Renter's insurance is typically required for the renter's personal belongings. Renter's insurance protects for any loss in value of belongings and furnishings in the home. Also, it's important that it be mandated that the owner also have homeowner's insurance in the event something happens during the lease term that could adversely affect the property's value such as a fire or water damage.


An appraisal contingency should be included in the lease option agreement. In other words, when the lease ends, the home's value could have decreased. An appraisal provides an updated value of the property before the purchase and sale go through.

It's important to calculate the exact amount of money that's to be paid to the owner at the end of the lease option. Remember, the owner is taking the house off the market and forgoing any gains in the home's market value by entering into the lease option. The owner will want to be adequately compensated for not being able to sell the house to another person who was ready to buy it.


For those considering a lease option or a lease option to buy, they should ideally have a lawyer who is familiar with lease-option transactions to review the fine print to make sure there aren't any surprises when the lease term ends.


Example of a Lease to Own Option


Suppose that a landlord wishes to sell their home, valued at $500,000. The house has a long-term tenant, who is currently saving to buy their own home. Both parties could try their luck on the housing market, but it would likely take several months for the landlord to find a suitable buyer and the tenant to find a suitable seller. Moreover, selling the house would require the property owner to vacate the tenants, thereby losing a source of monthly income.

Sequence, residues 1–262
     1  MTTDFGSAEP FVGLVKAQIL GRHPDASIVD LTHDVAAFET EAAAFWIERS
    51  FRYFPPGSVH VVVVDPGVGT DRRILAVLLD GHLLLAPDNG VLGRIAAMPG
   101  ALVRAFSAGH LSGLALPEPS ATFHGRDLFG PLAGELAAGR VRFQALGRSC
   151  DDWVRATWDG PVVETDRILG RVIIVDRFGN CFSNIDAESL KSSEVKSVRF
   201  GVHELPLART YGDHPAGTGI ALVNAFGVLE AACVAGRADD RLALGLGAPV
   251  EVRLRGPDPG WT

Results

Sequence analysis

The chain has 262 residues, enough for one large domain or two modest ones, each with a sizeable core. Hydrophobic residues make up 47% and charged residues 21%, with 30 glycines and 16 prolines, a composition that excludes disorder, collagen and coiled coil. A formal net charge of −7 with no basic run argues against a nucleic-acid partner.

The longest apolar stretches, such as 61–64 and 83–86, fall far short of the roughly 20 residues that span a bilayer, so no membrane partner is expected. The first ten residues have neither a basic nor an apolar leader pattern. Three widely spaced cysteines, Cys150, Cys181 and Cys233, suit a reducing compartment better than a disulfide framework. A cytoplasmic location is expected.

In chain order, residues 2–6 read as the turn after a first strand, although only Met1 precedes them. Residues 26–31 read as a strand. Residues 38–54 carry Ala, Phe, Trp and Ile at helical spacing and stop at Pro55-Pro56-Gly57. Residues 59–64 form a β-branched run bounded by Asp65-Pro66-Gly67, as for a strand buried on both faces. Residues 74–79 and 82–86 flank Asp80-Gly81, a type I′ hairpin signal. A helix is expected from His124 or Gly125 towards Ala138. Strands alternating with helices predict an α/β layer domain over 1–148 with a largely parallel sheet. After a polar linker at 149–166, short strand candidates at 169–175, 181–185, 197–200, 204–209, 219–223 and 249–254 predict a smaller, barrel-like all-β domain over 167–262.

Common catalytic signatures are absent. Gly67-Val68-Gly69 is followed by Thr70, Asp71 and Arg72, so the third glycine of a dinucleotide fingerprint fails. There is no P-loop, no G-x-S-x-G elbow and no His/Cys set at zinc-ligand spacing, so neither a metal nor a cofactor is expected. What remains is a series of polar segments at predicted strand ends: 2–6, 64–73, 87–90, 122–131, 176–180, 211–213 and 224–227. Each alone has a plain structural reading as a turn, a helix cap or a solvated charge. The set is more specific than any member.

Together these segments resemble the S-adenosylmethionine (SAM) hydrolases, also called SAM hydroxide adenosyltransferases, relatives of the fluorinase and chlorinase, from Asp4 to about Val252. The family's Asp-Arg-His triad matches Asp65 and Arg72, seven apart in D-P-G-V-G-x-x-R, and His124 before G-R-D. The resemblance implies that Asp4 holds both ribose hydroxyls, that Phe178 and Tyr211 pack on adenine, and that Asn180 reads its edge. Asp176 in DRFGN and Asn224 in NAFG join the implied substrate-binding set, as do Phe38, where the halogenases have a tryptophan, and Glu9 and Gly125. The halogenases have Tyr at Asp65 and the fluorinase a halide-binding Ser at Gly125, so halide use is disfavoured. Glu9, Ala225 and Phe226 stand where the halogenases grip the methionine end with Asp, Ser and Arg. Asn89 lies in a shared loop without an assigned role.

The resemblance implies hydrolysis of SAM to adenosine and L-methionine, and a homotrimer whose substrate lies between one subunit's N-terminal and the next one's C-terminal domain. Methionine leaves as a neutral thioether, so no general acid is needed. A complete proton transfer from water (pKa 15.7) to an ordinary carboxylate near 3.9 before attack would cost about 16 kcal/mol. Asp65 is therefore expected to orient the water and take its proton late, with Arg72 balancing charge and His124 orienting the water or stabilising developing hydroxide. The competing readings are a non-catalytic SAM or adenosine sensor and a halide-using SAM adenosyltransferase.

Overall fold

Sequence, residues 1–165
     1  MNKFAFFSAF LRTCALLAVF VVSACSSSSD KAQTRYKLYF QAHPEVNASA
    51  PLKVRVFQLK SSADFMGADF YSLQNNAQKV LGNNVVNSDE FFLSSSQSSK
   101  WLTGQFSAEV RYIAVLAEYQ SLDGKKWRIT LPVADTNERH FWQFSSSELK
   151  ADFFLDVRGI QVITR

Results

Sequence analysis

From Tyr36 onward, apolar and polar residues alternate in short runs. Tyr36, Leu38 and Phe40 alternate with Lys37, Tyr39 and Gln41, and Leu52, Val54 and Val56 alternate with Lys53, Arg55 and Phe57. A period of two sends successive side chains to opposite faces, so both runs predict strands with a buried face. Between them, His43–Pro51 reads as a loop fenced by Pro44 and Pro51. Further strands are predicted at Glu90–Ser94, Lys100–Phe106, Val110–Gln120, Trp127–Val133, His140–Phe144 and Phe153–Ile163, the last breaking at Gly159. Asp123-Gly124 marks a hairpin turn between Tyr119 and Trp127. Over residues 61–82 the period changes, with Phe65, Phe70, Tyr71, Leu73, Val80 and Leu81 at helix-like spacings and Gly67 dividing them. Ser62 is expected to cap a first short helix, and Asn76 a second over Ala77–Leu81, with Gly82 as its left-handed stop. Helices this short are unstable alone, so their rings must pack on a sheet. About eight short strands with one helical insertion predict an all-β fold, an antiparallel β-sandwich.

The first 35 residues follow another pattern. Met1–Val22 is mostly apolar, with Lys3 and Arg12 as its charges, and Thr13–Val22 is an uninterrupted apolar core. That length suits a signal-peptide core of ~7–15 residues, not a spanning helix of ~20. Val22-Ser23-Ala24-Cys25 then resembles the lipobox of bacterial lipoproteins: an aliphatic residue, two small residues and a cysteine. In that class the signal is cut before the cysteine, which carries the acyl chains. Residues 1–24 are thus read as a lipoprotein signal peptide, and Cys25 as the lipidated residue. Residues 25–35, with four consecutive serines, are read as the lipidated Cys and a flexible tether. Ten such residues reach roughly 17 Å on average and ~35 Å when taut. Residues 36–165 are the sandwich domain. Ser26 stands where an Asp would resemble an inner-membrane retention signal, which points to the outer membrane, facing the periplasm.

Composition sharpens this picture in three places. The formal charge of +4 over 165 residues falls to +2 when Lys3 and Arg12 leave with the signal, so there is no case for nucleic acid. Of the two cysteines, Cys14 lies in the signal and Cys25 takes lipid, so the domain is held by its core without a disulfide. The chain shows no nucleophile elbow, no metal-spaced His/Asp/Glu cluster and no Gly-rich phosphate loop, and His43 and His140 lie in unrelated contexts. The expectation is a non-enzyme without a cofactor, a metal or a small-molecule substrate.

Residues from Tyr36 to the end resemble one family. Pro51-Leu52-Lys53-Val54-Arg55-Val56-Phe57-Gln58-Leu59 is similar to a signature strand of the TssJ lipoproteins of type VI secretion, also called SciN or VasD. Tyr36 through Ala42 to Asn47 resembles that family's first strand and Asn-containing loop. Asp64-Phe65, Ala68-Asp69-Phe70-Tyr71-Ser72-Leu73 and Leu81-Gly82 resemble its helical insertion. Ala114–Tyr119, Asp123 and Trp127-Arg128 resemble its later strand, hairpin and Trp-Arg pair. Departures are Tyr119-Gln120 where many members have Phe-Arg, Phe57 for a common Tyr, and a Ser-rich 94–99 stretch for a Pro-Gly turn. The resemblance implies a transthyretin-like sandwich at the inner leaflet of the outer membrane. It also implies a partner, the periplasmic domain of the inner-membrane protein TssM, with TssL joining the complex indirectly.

Instead, the landlord could offer their tenant a leasing option, providing an easier transition for both parties. In a typical lease option, the prospective buyer-tenant would pay an additional 3-5% of the house price ($15,000-$25,000) as an option fee, as well as an additional premium to their monthly rent. In exchange, they would have the option to buy the house in two years, at today's price. The monthly premiums would contribute to the downpayment.


This arrangement works out to the advantage of both parties, although there is a tradeoff. The buyer-renter can lock in a favorable price on the home, but if they do not exercise the purchase option, they will have paid more money than they would have paid for an ordinary rental. In addition, they may also be responsible for maintenance costs that are normally the landlord's responsibility. The seller-landlord makes more money initially, but they lose the chance to take a higher offer.